A positive sign indicates that they move together and a negative that they move in

opposite directions. While the covariance increases with the strength of the relationship,

it is still relatively difficult to draw judgments on the strength of the relationship between

two variables by looking at the covariance, since it is not standardized.

The correlation is the standardized measure of the relationship between two

variables. It can be computed from the covariance â€“

j= n

% (X $ Âµ X ) (Y j $ ÂµY )

j

j=1

Correlation = " XY = # XY /# X # Y =

j=n j=n

% (X %

$ ÂµX )2 (Y j $ ÂµY ) 2

j

j=1 j=1

The correlation can never be greater than 1 or less than minus 1. A correlation close to

zero indicates that the two variables are unrelated. A positive correlation indicates that

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the two variables move together, and the relationship is stronger the closer the correlation

gets to one. A negative correlation indicates the two variables move in opposite

directions, and that relationship also gets stronger the closer the correlation gets to minus

1. Two variables that are perfectly positvely correlated (r=1) essentially move in perfect

proportion in the same direction, while two assets which are perfectly negatively

correlated move in perfect proportion in opposite directions.

Regressions

A simple regression is an extension of the correlation/covariance concept. It

attempts to explain one variable, which is called the dependent variable, using the other

variable, called the independent variable.

Scatter Plots and Regression Lines

Keeping with statistical tradition, let Y be the dependent variable and X be the

independent variable. If the two variables are plotted against each other, with each pair of

observations representing a point on the graph, you have a scatter plot, with Y on the

vertical axis and X on the horizontal axis.

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In a regression, we attempt to fit a line through the points that best fits the . In its

simplest form, this is accomplished by finding a line that minimizes the sum of the

squared deviations of the points from the line. Consequently, it is called ordinary least

squares (OLS) regression. When such a line is fit, two parameters emerge â€“ one is the

point at which the line cuts through the Y-axis, called the intercept of the regression, and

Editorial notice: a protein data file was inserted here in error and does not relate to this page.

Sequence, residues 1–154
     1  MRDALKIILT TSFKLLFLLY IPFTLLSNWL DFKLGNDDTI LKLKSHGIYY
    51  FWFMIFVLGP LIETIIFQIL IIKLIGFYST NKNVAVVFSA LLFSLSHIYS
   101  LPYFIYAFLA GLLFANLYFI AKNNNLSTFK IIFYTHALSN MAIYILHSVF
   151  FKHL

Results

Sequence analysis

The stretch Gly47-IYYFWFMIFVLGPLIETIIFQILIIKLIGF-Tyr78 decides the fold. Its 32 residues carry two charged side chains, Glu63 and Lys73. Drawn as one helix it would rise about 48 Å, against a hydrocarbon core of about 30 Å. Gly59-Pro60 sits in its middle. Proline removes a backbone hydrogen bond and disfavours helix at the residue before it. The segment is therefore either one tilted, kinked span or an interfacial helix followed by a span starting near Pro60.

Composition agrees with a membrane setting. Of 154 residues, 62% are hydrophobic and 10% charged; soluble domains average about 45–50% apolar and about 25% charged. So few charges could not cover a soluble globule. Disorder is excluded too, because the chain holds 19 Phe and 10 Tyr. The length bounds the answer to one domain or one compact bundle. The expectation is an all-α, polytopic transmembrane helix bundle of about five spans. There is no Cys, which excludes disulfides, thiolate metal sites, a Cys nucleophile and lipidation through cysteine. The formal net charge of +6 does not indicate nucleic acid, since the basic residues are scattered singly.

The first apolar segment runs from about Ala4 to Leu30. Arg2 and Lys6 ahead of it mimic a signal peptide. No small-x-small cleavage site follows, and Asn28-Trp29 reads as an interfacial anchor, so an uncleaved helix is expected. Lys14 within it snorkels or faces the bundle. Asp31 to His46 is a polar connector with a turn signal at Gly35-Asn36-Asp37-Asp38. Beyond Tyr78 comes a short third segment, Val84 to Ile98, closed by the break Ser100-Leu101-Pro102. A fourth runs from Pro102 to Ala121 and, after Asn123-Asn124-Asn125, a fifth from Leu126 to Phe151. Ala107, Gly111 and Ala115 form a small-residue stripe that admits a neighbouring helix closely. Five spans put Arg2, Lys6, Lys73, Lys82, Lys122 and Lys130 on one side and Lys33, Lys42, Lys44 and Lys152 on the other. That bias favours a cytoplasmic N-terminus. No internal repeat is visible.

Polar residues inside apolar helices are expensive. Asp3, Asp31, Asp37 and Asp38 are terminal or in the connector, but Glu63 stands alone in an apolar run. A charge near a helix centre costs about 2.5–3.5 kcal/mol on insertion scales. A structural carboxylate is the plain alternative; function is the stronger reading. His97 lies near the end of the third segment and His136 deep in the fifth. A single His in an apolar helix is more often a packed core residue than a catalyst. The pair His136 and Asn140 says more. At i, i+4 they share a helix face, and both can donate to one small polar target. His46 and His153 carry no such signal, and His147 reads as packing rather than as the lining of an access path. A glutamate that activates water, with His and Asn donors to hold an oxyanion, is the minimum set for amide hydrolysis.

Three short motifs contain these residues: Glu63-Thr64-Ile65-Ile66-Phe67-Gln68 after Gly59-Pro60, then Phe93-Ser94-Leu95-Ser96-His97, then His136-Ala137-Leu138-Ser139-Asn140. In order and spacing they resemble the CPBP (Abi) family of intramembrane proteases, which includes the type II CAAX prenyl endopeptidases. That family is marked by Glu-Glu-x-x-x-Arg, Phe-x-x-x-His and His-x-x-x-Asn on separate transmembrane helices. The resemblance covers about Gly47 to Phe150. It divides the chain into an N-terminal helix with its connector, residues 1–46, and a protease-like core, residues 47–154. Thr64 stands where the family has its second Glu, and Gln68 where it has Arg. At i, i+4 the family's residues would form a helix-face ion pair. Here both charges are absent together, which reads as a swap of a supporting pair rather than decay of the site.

the other is the slope of the regression line.

Y=a+bX

The slope (b) of the regression measures both the direction and the magnitude of the

relationship between the dependent variable (Y) and the independent variable (X). When

the two variables are positively correlated, the slope will also be positive, whereas when

the two variables are negatively correlated, the slope will be negative. The magnitude of

the slope of the regression can be read as follows - for every unit increase in the

dependent variable (X), the independent variable will change by b (slope).

Estimating Regression Parameters

While there are statistical packages that allow us to input data and get the

regression parameters as output, it is worth looking at how they are estimated in the first

place. The slope of the regression line is a logical extension of the covariance concept

introduced in the last section. In fact, the close linkage between the slope of the

regression and the correlation/covariance should not be surprising since the slope is

estimated using the covariance â€“

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Covariance YX " YX

Slope of the Regression = b = =2

Variance of X " X

The intercept (a) of the regression can be read in a number of ways. One interpretation is

that it is the value that Y will have when X is zero. Another is more straightforward, and

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is based upon how it is calculated. It is the difference between the average value of Y,

and the slope adjusted value of X.

Intercept of the Regression = a = Âµ Y - b * (Âµ X )

Regression parameters are always estimated with some error or statistical noise, partly

because the relationship between the variables is not perfect and partly because we

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estimate them from samples of data. This noise is captured in a couple of statistics. One is

the R-squared of the regression, which measures the proportion of the variability in the

independent variable (Y) that is explained by the dependent variable (X). It is a direct

function of the correlation between the variables â€“

b 2# X2

Correlation 2 2

R - squared of the Regression = " YX

= =

YX 2

#Y

An R-squared value closer to one indicates a strong relationship between the two

variables, !

though the relationship may be either positive or negative. Another measure of